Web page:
While the workplace is not always someplace we want to be, it does not have to be a threatening or intimidating place to spend our days, either. Harassment, however, can turn a workplace into a living nightmare for the person or people group that are the target of the harassing behavior. One particularly-insidious form of harassment that has received increased attention in recent years is sexual harassment. Even those who have attended seminars and workshops on sexual harassment find it difficult sometimes to determine whether a particular comment or action qualifies as harassment, and few know what they ought to do once they believe they have been sexually harassed.
What Exactly is Sexual Harassment?
Sexual harassment is a form of sex discrimination and is prohibited by both federal and state law. Although it is difficult to give a blanket, one-size-fits-all definition that encompasses the many forms that sexual harassment may take, it is generally understood to include:
Making unwanted sexual advances toward another employee or coworker;
Making crude jokes about a coworker’s sex or members of the coworker’s sex;
Offering promotions, benefits, and/or other “perks” to a coworker or employee in return for sexual favors from that coworker or employee;
Threatening to fire or demote a coworker or employee that does not perform or agree to perform sexual favors;
and unwanted touching of a sexual nature (rubbing one’s shoulders, patting a co-worker on the rear, etc.).
Employers are also prohibited from retaliating against employees who report sexual harassment or who assert their legal rights under federal and state law when they have been harassed. Retaliation can include termination, demotions, or additional harassment or discrimination at work.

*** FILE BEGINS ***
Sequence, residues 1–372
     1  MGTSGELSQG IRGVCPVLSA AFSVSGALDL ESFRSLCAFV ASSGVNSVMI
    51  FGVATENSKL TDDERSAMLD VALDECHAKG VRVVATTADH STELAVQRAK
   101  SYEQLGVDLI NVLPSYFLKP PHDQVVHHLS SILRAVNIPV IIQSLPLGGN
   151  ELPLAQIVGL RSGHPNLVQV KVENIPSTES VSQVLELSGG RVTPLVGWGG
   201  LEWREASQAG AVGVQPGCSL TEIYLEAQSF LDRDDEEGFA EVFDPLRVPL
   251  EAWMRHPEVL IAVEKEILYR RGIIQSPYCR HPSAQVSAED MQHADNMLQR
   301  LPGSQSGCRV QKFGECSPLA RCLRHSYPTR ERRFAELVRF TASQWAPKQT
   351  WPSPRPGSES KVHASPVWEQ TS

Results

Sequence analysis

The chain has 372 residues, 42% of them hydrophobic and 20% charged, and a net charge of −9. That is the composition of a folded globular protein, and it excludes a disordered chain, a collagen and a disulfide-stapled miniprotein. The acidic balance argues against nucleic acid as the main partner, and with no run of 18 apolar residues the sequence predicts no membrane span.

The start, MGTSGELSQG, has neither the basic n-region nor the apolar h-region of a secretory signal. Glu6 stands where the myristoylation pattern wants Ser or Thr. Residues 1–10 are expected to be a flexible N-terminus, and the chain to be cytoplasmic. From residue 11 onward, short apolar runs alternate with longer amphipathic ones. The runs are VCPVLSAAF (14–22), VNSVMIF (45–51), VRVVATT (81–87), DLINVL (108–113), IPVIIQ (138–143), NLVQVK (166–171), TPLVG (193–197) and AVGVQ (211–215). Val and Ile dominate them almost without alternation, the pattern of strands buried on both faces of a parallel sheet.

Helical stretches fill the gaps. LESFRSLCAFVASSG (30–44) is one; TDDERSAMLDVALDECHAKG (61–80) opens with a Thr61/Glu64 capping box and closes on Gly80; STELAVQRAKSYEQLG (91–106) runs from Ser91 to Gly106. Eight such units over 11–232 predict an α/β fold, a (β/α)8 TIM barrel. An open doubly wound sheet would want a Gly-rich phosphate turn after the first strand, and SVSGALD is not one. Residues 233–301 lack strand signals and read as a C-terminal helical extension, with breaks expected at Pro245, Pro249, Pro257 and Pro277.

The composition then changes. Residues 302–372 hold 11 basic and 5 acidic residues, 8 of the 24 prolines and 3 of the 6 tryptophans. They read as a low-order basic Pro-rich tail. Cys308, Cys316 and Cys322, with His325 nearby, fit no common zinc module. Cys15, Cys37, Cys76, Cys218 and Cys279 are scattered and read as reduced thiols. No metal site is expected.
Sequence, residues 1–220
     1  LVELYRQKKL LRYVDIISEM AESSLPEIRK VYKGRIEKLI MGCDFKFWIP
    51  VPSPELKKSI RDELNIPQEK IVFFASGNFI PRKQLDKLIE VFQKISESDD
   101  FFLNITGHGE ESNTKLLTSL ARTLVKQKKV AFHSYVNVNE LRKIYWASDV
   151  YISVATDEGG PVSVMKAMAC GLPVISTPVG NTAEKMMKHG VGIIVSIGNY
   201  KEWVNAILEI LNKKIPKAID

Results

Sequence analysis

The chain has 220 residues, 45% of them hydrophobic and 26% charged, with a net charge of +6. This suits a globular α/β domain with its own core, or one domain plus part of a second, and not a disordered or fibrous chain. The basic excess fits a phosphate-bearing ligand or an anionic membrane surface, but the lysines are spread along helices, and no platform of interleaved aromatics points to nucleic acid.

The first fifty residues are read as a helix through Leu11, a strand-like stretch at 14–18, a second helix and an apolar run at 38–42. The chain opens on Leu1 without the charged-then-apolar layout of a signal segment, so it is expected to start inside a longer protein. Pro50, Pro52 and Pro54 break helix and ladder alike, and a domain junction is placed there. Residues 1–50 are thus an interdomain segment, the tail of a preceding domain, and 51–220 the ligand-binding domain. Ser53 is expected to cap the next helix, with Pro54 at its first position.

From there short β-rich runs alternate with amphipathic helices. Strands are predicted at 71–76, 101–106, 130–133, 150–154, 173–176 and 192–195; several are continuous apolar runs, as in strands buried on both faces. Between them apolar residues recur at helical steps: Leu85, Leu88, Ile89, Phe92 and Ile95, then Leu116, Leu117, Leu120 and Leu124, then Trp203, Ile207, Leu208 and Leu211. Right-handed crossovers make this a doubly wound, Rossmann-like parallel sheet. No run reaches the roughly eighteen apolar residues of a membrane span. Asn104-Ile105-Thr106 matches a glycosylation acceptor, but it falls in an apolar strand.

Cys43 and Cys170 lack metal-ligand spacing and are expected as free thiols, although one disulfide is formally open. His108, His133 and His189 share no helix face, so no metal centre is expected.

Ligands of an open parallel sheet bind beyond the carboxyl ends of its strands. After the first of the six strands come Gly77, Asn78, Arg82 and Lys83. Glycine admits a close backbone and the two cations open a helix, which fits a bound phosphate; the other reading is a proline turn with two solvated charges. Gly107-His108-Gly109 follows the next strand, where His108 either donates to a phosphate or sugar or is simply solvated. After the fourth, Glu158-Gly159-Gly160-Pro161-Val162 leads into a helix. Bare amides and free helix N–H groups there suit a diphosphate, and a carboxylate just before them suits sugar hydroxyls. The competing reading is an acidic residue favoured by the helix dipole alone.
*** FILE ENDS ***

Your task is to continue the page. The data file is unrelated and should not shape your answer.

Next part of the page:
Sexual harassment is prohibited in the workplace even if the “victim” of harassment is not the direct target of the harassment. For example, suppose a group of male coworkers are gathered in the breakroom and one member of the group makes a loud, obnoxious joke to his male coworkers about women in general. Just as the joke is being told (and unbeknownst to the group) a female coworker walks by the breakroom and hears the joke. If the female coworker is offended and/or made to feel uncomfortable by the comment, the joke can be considered a form of sexual harassment.
What Should I Do if I Feel I Was Sexually Harassed?
You should not keep quiet or “just take” sexual harassment as an unavoidable part of your job. Employers have an obligation to provide a workplace that is free from sex discrimination and sexual harassment. Even if the employer itself is not instigating or encouraging the sexual harassment, the employer may have a legal obligation to take measure to halt the harassing behavior.
- Try and talk with the perpetrator of the sexual harassment first, if you feel comfortable doing so. Explain the behavior that you found harassing and ask that it stop. Document the details of this conversation for future reference, if necessary.
- If the harassing behavior does not stop, or if you feel too threatened or intimidated to confront the perpetrator, speak with your supervisor or the other person’s supervisor about the behavior. If a supervisor is the perpetrator, continue up the company ladder until you reach someone you feel comfortable speaking with about the problem.
- If you do not receive any reprieve from speaking with the perpetrator or his or her supervisor, or if you do not wish to speak with a member of your employer’s staff, you can speak with the Arizona Attorney General’s Office and/or the Equal Employment Opportunity Commission and file a complaint. Note that there are specific time limits for filing a complaint with these agencies (for example, the Arizona Attorney General’s Office requires that you file a complaint with their office within 180 days of the date the harassment occurred)
For more information contact an experienced sexual harassment lawyer at Nathan M. Smith & Associates, PLLC.